What marked this campaign was the emergence of new methods of collecting data — on-line and through interactive voice recognition (IVR). And despite variations in question wording to determine vote intention, in the order in which vote intention was asked and in the treatment of the “likely voter” pool, most firms were relatively accurate on the final call. The two most accurate at calling the final national vote intention used new methods of collecting data. Angus Reid Strategies, using an on-line methodology to collect data, was most accurate and Ekos, using IVR for its daily tracking, was the second most accurate. Looking for methodological guidance from this experience provides one clear conclusion: the new methods for gathering data have proven their cases.
Most firms used telephone interviewing to complete their research during the election, notably Nanos, Harris Decima, the Strategic Counsel, Leger, Segma and CROP. Online research was conducted by Ipsos and Angus Reid Strategies. Ekos used on-line and telephone interviews as well as IVR. IVR gathers responses by telephone but using computers to interpret voice responses. This combined approach helps provide a sample that Ekos believes would be more representative than would be the case if it relied on only one technology. According to Ekos IVR also allowed it to reach more respondents.
It is impossible to precisely assess the relative merits of the data collection methods because so many other methodological issues vary such as question wording, question placement, sample size (at the regional level), how close to the actual vote firms continued to collect data and consideration, or not, of likely voters. Given that all firms were working within industry norms — although these are flexible and some answers aren’t yet clear or are still under discussion — it is safe to say that new technologies such as on-line and IVR have proven their cases.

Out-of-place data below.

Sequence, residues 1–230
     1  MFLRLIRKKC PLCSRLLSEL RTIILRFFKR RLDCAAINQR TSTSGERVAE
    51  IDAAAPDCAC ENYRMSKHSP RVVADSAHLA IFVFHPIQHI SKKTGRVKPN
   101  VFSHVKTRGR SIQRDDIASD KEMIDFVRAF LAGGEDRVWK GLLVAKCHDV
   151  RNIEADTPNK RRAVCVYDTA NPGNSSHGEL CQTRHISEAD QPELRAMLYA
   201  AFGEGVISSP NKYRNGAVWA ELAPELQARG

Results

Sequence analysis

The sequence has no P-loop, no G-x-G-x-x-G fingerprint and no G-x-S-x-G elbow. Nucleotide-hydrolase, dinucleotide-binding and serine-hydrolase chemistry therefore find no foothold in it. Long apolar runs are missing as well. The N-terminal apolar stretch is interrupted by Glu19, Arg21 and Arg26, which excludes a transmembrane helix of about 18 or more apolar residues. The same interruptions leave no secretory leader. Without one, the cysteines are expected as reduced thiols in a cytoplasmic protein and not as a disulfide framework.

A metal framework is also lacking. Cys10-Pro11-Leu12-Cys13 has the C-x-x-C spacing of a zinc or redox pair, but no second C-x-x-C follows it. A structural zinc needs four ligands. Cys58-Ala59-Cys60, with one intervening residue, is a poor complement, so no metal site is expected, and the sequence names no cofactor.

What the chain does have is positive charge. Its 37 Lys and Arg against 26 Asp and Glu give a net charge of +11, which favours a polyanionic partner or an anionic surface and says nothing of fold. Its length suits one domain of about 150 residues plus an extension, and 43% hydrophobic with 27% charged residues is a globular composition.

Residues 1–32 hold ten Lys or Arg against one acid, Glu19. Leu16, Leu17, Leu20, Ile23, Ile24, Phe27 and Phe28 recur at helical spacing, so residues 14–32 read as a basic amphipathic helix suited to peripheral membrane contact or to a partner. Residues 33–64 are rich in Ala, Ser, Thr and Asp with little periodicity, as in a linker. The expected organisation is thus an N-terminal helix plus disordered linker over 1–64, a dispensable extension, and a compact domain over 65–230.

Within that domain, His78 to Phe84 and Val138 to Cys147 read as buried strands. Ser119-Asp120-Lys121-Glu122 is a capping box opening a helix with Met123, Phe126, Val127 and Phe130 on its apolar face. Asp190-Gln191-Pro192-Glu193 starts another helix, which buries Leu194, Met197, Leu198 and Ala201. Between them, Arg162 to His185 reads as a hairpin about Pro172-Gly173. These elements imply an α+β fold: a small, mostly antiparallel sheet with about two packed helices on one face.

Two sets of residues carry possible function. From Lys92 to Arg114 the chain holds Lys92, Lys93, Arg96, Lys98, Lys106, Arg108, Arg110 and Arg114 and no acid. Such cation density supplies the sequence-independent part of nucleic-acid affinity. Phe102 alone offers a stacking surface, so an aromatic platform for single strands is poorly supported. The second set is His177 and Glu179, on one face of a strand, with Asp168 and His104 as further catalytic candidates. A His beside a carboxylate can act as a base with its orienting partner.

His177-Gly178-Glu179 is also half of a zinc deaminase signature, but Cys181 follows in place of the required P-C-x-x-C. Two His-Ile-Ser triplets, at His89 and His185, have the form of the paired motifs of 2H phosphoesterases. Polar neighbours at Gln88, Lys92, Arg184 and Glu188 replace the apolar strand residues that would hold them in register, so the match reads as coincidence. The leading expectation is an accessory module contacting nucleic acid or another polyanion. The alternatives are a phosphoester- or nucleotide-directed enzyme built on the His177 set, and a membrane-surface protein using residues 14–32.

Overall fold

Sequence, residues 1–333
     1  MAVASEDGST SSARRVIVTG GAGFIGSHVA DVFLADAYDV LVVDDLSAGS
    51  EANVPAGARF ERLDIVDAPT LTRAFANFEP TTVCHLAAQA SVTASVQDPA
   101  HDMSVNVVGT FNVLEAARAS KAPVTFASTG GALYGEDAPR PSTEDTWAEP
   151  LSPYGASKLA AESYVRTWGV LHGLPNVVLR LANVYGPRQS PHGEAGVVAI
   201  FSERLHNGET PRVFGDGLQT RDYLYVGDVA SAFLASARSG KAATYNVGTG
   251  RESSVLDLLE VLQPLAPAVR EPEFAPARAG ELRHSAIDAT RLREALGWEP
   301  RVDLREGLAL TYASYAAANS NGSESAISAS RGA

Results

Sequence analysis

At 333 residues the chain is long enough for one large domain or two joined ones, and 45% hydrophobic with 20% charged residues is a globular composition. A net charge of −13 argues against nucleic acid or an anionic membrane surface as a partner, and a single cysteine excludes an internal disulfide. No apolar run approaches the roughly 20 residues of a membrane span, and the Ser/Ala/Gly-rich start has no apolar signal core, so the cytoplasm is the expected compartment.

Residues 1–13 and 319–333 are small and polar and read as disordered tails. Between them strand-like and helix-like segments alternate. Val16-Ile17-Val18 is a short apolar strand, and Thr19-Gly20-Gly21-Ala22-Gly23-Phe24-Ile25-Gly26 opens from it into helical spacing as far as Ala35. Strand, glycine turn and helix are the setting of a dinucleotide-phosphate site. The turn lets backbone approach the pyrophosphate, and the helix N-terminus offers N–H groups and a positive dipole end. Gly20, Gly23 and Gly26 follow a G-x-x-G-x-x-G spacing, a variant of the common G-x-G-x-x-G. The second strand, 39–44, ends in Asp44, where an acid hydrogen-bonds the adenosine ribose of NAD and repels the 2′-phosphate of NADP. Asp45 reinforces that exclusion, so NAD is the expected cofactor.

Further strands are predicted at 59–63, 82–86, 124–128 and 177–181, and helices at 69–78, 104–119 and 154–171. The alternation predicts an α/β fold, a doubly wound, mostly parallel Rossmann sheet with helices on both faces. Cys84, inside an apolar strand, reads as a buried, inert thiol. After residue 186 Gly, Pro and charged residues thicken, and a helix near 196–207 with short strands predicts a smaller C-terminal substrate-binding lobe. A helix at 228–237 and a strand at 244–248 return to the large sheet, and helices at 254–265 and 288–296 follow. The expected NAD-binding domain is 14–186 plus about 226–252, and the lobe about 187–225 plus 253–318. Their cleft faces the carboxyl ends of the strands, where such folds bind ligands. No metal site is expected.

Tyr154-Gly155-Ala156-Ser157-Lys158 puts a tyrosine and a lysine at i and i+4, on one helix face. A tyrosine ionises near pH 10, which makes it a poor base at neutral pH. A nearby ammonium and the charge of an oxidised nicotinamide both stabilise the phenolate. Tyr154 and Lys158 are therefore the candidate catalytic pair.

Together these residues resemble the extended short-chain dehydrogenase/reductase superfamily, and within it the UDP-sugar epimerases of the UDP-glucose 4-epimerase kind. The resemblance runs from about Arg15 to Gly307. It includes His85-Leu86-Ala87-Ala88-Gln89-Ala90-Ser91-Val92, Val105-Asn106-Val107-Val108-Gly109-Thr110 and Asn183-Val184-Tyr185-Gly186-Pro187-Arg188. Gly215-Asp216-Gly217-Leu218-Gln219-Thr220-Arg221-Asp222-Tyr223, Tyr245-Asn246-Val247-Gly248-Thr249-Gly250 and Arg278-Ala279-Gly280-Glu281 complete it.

While the new technologies performed admirably nationally, what is arguably more interesting is how polls performed at the regional level and in tracking the dynamics of the campaign. It is tempting to apply the same horse race mentality to assessing the political pollsters’ work that is applied to the politicians and their elections — who won and who lost.
The truth is that in terms of measuring vote intention on a national basis, virtually all of the public polls were accurate — certainly to within their margin of error. Angus Reid Strategies’ final poll most closely resembled the final election results (see Table 1 for national results), but all pollsters had the order of the parties correct (this has not always been the case) and correctly pointed toward a Conservative minority.